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Fat Beats & Rhino Records Continue Retail Legacy with Pop-up Shops and Performances

image from Fat Beats, the record label and music distributor, used to have multiple record stores with in-store events were widely distributed om YouTube. Rhino Records once jad two shops in Los Angeles. Now both are holding pop-up shops with live shows in a manner that extends their retail legacy. And as much as many of us like to believe we're building deep communities on the web, the immediacy of such events can produce a level of goodwill difficult to maintain online.

Fat Beats closed its last two stores last year, a powerful sign that even indie cred could not ensure the survival of the record store. Though the wholesale distribution operation and Fat Beats Records continue, the shift to being a warehouse had to feel like an isolating move.

image from But Fat Beats was smart enough to counter such isolation by launching a monthly series of pop-up shops at their Brooklyn warehouse including the in-store shows for which they were well known. The most recent pop-up shop took place May 21st and included a solid lineup of indie acts from Has-Lo to Blitz The Ambassador to Kooley High.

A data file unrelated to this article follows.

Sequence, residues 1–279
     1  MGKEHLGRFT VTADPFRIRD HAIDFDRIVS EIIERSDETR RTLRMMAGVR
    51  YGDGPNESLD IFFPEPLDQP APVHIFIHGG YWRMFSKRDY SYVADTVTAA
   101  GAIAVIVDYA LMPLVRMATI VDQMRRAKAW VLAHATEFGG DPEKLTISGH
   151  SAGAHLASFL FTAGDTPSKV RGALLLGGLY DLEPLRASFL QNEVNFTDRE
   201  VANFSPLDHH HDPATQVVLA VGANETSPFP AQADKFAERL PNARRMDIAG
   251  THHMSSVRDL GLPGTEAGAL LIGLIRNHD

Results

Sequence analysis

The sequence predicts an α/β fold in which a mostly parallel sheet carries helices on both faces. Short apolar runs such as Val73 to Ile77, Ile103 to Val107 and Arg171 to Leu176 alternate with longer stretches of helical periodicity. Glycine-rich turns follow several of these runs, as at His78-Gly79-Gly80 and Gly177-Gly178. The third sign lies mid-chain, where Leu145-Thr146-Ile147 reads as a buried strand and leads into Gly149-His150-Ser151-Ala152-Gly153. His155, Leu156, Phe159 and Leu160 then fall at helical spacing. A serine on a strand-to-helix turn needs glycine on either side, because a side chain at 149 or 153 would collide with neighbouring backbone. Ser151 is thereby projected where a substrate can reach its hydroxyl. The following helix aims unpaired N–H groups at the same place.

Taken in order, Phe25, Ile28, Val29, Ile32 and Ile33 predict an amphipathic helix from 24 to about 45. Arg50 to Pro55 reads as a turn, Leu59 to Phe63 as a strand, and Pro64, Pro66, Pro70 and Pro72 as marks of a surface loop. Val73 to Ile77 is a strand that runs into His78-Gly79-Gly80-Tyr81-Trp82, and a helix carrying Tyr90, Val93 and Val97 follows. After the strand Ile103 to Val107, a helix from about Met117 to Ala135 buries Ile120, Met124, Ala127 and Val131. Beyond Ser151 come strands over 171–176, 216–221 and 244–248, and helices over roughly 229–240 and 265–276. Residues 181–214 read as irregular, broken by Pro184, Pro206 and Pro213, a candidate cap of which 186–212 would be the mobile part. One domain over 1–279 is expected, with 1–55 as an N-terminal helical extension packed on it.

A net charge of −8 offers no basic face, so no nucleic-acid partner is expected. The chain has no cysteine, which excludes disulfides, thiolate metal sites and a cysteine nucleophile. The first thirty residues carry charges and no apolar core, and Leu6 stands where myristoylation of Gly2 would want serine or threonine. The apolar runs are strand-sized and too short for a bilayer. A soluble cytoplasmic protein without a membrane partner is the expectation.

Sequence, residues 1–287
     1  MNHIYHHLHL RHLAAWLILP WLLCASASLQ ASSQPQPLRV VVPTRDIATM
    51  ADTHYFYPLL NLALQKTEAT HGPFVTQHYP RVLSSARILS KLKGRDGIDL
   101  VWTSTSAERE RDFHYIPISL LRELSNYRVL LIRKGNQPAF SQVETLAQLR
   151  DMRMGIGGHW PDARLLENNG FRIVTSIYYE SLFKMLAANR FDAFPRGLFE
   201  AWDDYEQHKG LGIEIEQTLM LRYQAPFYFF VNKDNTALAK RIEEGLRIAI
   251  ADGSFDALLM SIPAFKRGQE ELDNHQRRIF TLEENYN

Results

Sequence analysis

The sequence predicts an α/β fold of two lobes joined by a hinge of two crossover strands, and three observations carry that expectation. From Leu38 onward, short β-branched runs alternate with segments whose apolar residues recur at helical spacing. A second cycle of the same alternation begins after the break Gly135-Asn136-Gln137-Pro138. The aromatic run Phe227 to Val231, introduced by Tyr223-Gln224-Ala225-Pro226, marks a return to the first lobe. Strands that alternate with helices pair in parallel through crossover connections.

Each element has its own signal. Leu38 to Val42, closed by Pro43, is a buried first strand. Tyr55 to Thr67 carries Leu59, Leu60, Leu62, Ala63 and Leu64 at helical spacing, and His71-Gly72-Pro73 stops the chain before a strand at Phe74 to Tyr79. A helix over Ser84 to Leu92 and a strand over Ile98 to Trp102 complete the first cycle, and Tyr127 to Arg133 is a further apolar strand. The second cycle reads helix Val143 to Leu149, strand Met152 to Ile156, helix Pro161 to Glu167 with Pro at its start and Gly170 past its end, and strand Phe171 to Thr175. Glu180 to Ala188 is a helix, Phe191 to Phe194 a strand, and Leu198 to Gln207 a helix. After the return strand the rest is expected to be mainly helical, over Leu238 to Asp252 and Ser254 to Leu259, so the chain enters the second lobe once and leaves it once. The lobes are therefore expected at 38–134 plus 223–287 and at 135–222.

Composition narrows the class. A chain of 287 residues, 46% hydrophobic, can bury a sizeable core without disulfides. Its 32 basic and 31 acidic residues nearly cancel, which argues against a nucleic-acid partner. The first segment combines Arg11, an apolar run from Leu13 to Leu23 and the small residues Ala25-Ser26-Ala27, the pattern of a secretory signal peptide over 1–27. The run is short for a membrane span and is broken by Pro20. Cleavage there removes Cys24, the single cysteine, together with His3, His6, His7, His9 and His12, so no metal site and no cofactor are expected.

Rhino Records had two stores in LA's Westwood neighborhood which are also now closed. Now Rhino is in the midst of their second pop-up shop event running from May 27 to June 12. Performers include Thelonius Monster, a Posh Boy Records night and Kristian Hoffman’s Paisley Pop Cavalcade.

The first Rhino pop-up shop was motivated by Rhino co-founder Richard Foos, who liquidated his personal record collection before a big move, with Senior VP of A&R, Gary Stewart, initiating the current event. Stewart stated, "last year’s pop-up store really brought me back to the experience of the L.A. music scene and the sense of community that it fosters."

Both Rhino and Fat Beats are using a concept that was initially developed as a marketing maneuver in order to continue the community that indie record stores have long claimed. Both efforts are strong reminders that even streaming video and Twitter conversations cannot replace the power of live, direct contact.

Hypebot contributor Clyde Smith is a freelance writer and blogger. Flux Research is his business writing hub and All World Dance is his primary web project.